Through a trust, you can maintain more control over a gift than you can through a will. Some people use trusts to pass money to a relative when they have doubts about that person's spouse. For example, you love your son, but don't trust his wife, Livia. You're afraid she'll spend the money you give him on astrologers and shoes. Leave the money in trust for your son instead of making a direct gift to him, and you can direct that he get only the income, so neither he nor his wife can squander the principal. In many states, if you leave money in trust to your son, Livia can't get at the assets if they divorce. Moreover, he can choose how much, if any, of the trust income or principal to leave Livia; if she hasn't been a good and faithful companion, he can leave the whole thing to whomever he desires.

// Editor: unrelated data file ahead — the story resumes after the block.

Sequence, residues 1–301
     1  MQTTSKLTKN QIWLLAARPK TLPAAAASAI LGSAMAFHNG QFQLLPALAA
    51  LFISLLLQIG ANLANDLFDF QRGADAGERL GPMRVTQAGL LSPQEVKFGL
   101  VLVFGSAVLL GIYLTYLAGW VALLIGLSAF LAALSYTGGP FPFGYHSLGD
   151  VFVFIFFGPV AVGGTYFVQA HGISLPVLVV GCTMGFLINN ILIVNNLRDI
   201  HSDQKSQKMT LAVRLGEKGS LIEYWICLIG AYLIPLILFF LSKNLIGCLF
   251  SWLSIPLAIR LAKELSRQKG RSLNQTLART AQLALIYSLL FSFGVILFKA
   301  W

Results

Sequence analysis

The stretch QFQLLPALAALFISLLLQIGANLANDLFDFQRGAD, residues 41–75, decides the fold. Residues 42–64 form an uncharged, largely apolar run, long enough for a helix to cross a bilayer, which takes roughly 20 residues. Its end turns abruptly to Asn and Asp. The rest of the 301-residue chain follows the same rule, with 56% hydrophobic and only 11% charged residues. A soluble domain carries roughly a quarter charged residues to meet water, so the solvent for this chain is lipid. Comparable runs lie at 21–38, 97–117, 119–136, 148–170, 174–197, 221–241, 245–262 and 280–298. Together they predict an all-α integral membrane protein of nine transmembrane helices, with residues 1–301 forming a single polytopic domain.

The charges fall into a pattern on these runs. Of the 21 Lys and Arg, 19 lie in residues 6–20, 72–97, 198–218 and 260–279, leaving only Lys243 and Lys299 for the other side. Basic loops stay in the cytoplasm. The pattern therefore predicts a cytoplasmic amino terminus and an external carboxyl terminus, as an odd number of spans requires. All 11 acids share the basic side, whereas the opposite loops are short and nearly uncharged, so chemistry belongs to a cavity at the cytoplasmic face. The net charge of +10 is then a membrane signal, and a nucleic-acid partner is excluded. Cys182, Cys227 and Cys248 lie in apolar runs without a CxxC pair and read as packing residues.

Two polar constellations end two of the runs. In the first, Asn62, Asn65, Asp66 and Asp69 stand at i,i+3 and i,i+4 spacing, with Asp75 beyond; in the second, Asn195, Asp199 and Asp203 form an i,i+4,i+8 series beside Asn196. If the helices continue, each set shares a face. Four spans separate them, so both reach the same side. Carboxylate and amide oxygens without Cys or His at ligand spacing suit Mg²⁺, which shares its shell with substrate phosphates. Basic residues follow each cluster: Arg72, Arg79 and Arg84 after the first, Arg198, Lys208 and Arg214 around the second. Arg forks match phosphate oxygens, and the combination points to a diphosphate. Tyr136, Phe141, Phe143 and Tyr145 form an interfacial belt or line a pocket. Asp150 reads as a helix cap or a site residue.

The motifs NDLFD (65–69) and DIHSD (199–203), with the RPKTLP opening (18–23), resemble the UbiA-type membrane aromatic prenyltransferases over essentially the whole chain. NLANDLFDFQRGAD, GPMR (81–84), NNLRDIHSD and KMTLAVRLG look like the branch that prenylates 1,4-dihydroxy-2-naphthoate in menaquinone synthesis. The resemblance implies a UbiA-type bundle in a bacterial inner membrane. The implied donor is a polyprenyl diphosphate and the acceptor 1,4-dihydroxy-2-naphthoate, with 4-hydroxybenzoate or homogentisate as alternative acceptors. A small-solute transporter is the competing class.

People Concerned About Estate Taxes

Trusts are very useful to people with substantial assets, because they can help avoid or reduce estate taxes. For example, by establishing a trust for their benefit, you can make tax-free gifts (up to the limit allowed by law) each year to your children or grandchildren during your lifetime, even if they're minors. This will reduce your taxable estate and save taxes upon your death. A properly drawn trust may also reduce estate taxes by utilizing the marital deduction or avoiding the generation skipping tax.

 

ABA Guide to Wills and Estates
Copyright 1999, 2000, 2002 American Bar Association

 

 

Free consultation: To speak to a personal injury lawyer, call 214-748-0226 or contact us. We offer home and hospital visits.